Let me quote what are described as the “Highlights”:

“The average surface air temperature for the year ending September 2016 is by far the highest since 1900, and new monthly record highs were recorded for January, February, October and November 2016.

After only modest changes from 2013-2015, minimum sea ice extent at the end of summer 2016 tied with 2007 for the second lowest in the satellite record, which started in 1979.

Spring snow cover extent in the North American Arctic was the lowest in the satellite record, which started in 1967.

In 37 years of Greenland ice sheet observations, only one year had earlier onset of spring melting than 2016.

The Arctic Ocean is especially prone to ocean acidification, due to water temperatures that are colder than those further south. The short Arctic food chain leaves Arctic marine ecosystems vulnerable to ocean acidification events.

Thawing permafrost releases carbon into the atmosphere, whereas greening tundra absorbs atmospheric carbon. Overall, tundra is presently releasing net carbon into the atmosphere.

Small Arctic mammals, such as shrews, and their parasites, serve as indicators for present and historical environmental variability. Newly acquired parasites indicate northward shifts of sub-Arctic species and increases in Arctic biodiversity. “

Arctic foxes face increasing competition from southern relatives (I.Quaile, Greenland)

Arctic foxes face increasing competition from southern relatives (I.Quaile, Greenland)

Getting the message across

The NOAA website sums it up in a video, saying:

“…Rapid and unprecedented rates of change mean that the Arctic  today is home to and a cause for a global suite of trillion dollar impacts ranging from global trade, increased or impeded access to land and ocean resources, changing ecosystems and fisheries, upheaval in subsistence resources, damaged infrastructure due to fragile coastlines, permafrost melt and sea level rise, and national security concerns.

In summary, new observations indicate that the entire, interconnected Arctic environmental system is continuing to be influenced by long-term upward trends in global carbon dioxide and air temperatures, modulated by regional and seasonal variability.”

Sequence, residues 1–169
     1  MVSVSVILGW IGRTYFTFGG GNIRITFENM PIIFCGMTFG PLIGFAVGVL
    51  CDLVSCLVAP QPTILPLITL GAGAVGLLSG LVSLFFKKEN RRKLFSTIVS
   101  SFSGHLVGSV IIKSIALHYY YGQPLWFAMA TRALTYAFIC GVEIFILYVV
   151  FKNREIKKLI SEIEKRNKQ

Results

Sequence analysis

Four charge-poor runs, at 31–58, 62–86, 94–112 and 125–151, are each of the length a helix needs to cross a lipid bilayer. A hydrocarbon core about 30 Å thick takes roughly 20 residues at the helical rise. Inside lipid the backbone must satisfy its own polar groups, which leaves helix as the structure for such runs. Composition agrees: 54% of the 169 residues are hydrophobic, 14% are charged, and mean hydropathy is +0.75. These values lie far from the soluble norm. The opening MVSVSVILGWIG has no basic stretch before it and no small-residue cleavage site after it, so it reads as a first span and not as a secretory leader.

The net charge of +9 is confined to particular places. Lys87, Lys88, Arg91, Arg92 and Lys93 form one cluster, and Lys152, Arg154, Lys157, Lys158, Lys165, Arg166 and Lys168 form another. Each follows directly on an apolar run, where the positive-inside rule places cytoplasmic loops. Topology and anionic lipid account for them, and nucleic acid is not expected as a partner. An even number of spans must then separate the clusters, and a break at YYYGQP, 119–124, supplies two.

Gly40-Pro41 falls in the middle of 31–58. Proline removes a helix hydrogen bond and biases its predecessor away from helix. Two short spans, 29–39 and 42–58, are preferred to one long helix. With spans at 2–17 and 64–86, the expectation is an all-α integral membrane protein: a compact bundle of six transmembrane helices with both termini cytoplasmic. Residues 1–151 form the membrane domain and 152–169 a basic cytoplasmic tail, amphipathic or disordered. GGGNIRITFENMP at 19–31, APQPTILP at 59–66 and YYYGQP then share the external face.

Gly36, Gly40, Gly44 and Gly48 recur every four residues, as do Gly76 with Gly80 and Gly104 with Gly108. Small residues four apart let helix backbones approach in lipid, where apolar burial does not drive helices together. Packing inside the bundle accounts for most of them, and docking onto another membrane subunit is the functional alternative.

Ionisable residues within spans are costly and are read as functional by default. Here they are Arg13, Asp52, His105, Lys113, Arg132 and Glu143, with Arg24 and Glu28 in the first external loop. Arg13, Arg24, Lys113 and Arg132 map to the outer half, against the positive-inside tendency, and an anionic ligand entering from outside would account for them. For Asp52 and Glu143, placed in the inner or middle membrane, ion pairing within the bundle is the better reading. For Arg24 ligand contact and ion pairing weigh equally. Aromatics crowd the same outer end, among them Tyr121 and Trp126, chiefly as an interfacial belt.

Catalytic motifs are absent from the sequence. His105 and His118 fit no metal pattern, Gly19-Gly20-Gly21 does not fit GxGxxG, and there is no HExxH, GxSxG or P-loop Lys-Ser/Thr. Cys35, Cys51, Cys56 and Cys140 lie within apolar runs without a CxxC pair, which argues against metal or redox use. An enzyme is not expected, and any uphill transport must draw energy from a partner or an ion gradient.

Margaret Williams, the managing director for WWF’s US Arctic programme had this to say:

“We are witnessing changes in the Arctic that will impact generations to come. Warmer temperatures and dwindling sea ice not only threaten the future of Arctic wildlife, but also its local cultures and communities. These changes are impacting our entire planet, causing weather patterns to shift and sea levels to rise. Americans from California to Virginia will come to realize the Arctic’s importance in their daily lives.

“The science cannot be clearer. The Arctic is dramatically changing and the culprit is our growing carbon emissions. The report card is a red flashing light, and now the way forward is to turn away from fossil fuels and embrace clean energy solutions. Protecting the future of the top of the world requires us to reduce emissions all around it.”

Cold polar water absorbs CO2 faster and becomes more acidic. (I Quaile

Dwindling ice (I Quaile, Svalbard)

Sack the teacher, kill the messenger?

That was her response to the Arctic Report Card. In my school days, the report card was a business to be taken seriously. A bad report meant you were in trouble and would have to smarten up your act or you would be in big trouble with mum and dad.

The question is – who gets the report, and who has to smarten up their act?

This one should make the governments of this world speed up action on mitigating climate change and getting ready for the impacts we will not be able to halt.

Then again, they could just try to get rid of the messengers who come up with the bad news. If your kid’s report card is bad, do you try to improve his performance – or get rid of the teacher who came up with the negative assessment – based on collected data?

I am concerned that the administration in the wings of the US political stage could be more likely to do the latter. As I wrote in the last Ice Blog post, the new Trump administration is threatening to cut funding for climate research. The proposed new Cabinet is well stocked with climate skeptics.

Concern about research